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34     Translations

34.1    Introduction

Localization is important for every user who doesn’t speak English fluently. If your native language is not English, then you can
help us by translating a few sentences to your native language. If you would like to help, the following steps are necessary:

• Visit the web interface and register.

• Select your language (ie. if you would like to contribute French translation, select French). If your language is not listed, then
  ask for addition on our developer mailing list.
• Select what projects you would like to translate. It’s good to start with some smaller project like the homepage or the setup. If
  the given project has no .po file for your language, contact us.

• Now you can begin translating, but your changes won’t hit the master repo, you need additional permissions to commit from
  the sandbox. Ask us for commit access.

A few tips if you’re new to pootle:

• By default you can edit the whole translation, but usually you would like to see only the untranslated and fuzzy strings. You
  can search for them by clicking on "Show editing functions" then selecting "Quick translate".
• You can commit a po file by clicking on "Show editing functions" then selecting "Commit".
• You can search for fuzzy translations by clicking on "Show editing functions", selecting "Show checks" and then the "isfuzzy"
  check.


34.2    Rules

There are not many, at the moment.

• Please don’t translate the == NAME and == SYNOPSIS strings in the manpages, docbook does it already and asciidoc fails
  to create the manpage if it’s already translated.

• The first translator for a language (this can be changed if requested) receives all rights for a given project, except: Suggest,
  Overwrite, Assign, Administrate.


34.3    Goals

When we created the current mechanism of handling translations, we had the following goals:

• When we modify source code or documentation, the translators should be able to begin the necessary (if any) translations
  without any manual action.
• It would be be nice to overview the localization status of a language.

• It should be easy to maintain the translation (ie. doing a manual sync for big documents is rather problematic).
• Translators are not developers, write access to the translations should not require any other access right.
• It should be possible for anyone to translate, but only given users should be able to push changes.
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34.4    Overview

Now let’s see how all this is possible. We’ll take our asciidoc documentation as an example.
First, we need to extract the translatable strings from the sources. This is an important step since this way a document is split into
paragraphs and you can then later translate even a single paragraph rather then choosing between translating a 10-page-length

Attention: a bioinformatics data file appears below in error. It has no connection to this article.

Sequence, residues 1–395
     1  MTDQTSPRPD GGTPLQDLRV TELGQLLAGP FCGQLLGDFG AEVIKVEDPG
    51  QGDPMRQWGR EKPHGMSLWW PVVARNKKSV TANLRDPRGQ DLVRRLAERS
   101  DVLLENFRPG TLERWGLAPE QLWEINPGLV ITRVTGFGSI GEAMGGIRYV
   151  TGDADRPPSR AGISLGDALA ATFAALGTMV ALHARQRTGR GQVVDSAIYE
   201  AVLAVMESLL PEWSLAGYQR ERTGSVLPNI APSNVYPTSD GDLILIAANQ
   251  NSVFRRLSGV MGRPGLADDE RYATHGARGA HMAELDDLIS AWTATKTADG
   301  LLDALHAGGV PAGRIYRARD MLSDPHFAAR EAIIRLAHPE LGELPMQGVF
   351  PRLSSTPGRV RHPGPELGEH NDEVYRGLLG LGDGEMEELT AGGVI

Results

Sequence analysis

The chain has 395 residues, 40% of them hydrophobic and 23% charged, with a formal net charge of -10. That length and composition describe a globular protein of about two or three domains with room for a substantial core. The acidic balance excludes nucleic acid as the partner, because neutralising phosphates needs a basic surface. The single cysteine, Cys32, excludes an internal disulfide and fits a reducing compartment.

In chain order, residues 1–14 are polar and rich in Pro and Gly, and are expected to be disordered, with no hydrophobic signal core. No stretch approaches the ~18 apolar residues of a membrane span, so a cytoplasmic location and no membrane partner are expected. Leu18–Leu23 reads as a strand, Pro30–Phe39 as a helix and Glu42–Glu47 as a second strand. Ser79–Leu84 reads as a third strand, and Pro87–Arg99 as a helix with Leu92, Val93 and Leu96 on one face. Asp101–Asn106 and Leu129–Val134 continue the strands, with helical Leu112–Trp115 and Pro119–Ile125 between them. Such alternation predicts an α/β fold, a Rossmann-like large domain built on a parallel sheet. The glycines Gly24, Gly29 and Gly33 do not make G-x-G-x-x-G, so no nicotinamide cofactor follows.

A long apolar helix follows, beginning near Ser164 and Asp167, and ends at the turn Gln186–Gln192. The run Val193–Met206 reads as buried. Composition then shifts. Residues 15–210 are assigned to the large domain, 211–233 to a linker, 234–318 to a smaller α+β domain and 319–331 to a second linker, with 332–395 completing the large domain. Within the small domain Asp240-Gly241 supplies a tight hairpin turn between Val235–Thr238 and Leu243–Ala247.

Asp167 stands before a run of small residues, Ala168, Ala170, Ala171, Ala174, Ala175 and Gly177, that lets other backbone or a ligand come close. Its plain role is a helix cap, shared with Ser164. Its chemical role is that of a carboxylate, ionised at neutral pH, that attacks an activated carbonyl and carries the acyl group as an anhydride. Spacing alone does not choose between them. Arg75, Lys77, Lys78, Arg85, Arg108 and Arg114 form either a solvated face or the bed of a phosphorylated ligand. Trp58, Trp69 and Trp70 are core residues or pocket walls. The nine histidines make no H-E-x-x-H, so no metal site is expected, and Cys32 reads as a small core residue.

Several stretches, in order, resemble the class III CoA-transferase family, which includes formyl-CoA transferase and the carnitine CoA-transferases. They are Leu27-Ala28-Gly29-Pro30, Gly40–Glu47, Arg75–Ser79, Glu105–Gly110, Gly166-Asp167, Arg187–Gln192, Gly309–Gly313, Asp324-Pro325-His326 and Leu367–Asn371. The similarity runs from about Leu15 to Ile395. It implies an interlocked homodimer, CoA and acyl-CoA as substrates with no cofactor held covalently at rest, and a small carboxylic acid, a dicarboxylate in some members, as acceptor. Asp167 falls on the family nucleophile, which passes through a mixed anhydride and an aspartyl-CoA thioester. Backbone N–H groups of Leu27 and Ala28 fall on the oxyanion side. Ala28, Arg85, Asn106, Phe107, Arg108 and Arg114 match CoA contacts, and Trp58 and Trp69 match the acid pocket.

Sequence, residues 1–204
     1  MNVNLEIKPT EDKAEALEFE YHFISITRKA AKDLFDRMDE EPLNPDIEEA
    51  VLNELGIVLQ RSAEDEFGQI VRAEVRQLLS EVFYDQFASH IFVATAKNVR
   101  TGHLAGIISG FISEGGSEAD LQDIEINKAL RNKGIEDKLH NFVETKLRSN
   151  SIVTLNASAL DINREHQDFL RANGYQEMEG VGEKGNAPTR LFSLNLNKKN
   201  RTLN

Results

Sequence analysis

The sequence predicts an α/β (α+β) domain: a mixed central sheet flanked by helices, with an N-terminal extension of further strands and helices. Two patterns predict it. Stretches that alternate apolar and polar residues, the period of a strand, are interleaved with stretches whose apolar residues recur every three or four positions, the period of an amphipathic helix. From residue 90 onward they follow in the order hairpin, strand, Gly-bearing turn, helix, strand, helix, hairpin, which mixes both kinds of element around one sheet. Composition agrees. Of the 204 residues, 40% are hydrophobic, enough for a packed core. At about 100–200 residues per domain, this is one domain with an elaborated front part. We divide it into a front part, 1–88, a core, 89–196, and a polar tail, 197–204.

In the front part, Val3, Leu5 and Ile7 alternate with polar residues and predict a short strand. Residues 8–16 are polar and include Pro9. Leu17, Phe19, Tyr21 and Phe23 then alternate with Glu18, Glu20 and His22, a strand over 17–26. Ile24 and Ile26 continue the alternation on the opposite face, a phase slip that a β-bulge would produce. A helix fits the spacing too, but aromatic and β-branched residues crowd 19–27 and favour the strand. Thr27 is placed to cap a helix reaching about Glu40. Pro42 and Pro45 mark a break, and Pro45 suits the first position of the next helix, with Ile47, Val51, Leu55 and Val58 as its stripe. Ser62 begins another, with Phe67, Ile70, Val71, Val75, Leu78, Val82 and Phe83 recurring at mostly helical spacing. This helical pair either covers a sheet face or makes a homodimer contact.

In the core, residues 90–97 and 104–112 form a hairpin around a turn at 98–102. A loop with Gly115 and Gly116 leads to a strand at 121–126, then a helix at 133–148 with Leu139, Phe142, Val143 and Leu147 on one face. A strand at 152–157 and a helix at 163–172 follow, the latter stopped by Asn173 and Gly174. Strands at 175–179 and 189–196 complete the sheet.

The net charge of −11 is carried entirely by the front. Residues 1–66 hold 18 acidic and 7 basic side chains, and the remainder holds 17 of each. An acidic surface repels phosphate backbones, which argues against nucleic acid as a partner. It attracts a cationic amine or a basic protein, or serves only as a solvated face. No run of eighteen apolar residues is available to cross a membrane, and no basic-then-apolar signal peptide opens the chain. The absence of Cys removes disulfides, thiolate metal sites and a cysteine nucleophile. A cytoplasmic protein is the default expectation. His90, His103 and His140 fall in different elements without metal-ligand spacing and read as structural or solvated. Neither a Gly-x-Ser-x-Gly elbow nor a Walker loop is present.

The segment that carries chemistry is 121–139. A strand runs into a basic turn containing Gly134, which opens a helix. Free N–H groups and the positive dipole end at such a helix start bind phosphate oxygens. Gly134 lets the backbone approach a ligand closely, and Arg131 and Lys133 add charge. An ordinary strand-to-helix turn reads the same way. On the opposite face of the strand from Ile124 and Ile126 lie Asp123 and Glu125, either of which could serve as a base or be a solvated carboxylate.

document entirely or not. We use po4a for this purpose. It creates a template, named docs.pot, which is transferred daily to
the translation server.
(For source codes we usually use the intltool-update utility to extract translatable strings.)
Right after the transfer, the po localization files are updated using msgmerge from the gettext package: this way the trans-
lators do not have to re-translate the strings which are already done.
On that machine, we use a web interface for the translation. This has several advantages:

• The translators can register and begin their work without any confirmation from our developer team.

• Those accounts are - of course - not real unix accounts but just virtual ones.
• We can give commit access for users by specifying their project and language. So everybody can make translations but only
  users we know can push the changes.
• Collaboration for people who do not know what a patch or a version control system is now should not be a big problem. This
  is important since for example the whole documentation is one big file per language.

Once a user with enough privileges pushes the translation to our git version control system, we can use it. The documentation
is built daily and we pull the new translations from the dedicated repo before each build.
The output of the English build is available here. If it contains any error or warning, the testsuite will let us know by including
them in the daily testsuite mail, sent to the developer mailing list. The log of the localization builds is available here.
There we use po4a again to reconstruct the original (now in some language other than English) document from the translated
strings.
For source code we pull the translations right before creating a release tarball so. This has the following benefits:

• We ship the latest translations
• Once the tarball is ready, users who would like to compile the source code should not fetch the translations manually.

The proof of concept for this mechanism is our French documentation which is more than 80 pages length and includes zero
percent of manual editing by the developers (while till now we had to push the submitted - by email and other undocumented
channels - translated documents manually, hoping that the newer version is better than the old was).